Giving (positive) meaning to downward and horizontal occupational mobility to maintain individual well-being

Authors

  • Oksana Zabko Baltic Institute of Social Sciences, Latvia

DOI:

https://doi.org/10.17356/ieejsp.v8i2.834
Abstract Views: 16 PDF Downloads: 31

Keywords:

occupational mobility, downward mobility, intragenerational mobility, meaningful work, subjective well-being, Latvia

Abstract

This study addresses some limitations related to knowledge of the circumstances that contribute to perceptions of downward or horizontal occupational mobility as a positive experience, increasing work satisfaction, labour market security, and maintaining subjective well-being. In pursuing this objective, seven working-life biographies are examined that demonstrate causes of occupational mobility, the investment needed for transition and stabilisation, as well as attitudes towards the destination occupation. Although a sense of meaningful work helps individuals accept a reduced income, interviewees treat it as a transitional period, seeing a possibility for at least some increase in salary. Maintaining one’s original social networks while accepting a less qualified occupation also contributes to preserving individual well-being. These aspects are more pronounced in women’s life stories. A more ambiguous attitude can be seen in the experience of men who encountered occupational and financial decline. While decision-making awareness, confidence in one’s choice, and control of the process helps to stabilize potential frustration caused by decline, some isolation from previous networks appears in the keeping of distance, reducing contact intensity, or staying abroad for longer periods. Perhaps to regain their subjective sense of well-being, the former implements the principle of ‘discrete stages’ in their social life, a notion that reflects the situation of their working life.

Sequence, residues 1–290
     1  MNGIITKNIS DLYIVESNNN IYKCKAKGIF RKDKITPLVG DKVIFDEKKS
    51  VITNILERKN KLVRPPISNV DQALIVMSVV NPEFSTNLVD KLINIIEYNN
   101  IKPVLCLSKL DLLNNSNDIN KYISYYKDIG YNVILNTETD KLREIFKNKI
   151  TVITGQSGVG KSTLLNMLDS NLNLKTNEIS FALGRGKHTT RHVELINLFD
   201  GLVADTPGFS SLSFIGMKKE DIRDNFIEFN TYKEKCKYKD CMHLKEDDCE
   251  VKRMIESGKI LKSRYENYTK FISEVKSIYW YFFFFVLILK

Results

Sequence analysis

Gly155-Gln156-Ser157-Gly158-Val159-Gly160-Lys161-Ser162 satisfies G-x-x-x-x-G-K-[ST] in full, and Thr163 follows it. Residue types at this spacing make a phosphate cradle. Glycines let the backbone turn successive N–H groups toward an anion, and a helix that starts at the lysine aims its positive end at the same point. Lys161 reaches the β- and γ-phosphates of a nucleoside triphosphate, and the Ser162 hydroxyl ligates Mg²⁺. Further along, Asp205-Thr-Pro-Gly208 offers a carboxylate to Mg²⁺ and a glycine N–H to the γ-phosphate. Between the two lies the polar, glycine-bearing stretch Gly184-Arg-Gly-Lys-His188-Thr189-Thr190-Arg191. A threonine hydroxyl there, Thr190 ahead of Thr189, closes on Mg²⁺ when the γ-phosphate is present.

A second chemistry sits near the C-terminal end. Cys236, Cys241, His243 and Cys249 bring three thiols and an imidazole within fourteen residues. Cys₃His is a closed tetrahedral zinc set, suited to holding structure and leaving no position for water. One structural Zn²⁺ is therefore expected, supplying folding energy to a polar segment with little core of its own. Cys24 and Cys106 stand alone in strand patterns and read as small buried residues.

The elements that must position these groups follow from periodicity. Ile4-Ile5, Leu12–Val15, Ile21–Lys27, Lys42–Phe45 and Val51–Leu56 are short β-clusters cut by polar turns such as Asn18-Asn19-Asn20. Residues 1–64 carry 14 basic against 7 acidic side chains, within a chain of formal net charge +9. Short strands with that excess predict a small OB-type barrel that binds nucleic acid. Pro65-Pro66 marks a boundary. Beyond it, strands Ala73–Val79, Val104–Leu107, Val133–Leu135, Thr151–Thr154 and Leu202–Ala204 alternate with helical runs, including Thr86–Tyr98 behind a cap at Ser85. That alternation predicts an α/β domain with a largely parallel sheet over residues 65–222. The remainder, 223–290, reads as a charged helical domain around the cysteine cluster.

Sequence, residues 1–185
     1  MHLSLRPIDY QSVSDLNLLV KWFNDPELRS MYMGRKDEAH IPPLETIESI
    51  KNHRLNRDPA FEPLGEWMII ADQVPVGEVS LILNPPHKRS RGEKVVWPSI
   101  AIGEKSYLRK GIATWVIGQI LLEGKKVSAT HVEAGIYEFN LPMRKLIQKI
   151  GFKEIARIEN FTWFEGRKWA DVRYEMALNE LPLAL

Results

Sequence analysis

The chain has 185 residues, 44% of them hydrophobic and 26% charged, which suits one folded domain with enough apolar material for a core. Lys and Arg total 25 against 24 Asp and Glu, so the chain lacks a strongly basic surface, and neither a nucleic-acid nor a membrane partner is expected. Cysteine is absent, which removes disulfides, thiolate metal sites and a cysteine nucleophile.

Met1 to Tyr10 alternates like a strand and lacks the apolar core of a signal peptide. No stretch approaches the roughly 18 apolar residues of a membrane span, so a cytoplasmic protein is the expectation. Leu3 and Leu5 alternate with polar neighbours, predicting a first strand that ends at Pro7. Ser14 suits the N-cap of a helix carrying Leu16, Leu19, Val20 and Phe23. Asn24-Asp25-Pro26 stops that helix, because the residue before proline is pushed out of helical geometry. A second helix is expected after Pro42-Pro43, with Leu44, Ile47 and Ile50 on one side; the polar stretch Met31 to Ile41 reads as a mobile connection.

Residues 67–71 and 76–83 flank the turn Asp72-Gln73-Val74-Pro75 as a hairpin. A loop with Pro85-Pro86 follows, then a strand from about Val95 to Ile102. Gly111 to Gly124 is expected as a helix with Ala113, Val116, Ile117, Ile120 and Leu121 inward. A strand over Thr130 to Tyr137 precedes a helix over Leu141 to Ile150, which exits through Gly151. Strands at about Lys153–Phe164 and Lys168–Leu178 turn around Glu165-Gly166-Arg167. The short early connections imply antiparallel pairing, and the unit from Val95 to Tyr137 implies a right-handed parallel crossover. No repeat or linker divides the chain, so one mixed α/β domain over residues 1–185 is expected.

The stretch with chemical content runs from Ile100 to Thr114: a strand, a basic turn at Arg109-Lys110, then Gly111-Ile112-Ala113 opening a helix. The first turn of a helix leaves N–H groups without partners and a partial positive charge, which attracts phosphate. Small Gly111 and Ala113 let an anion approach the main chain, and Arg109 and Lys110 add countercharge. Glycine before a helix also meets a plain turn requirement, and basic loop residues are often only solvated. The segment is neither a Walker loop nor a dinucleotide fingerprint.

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Published

2022-07-30

Issue

Section

Social mobility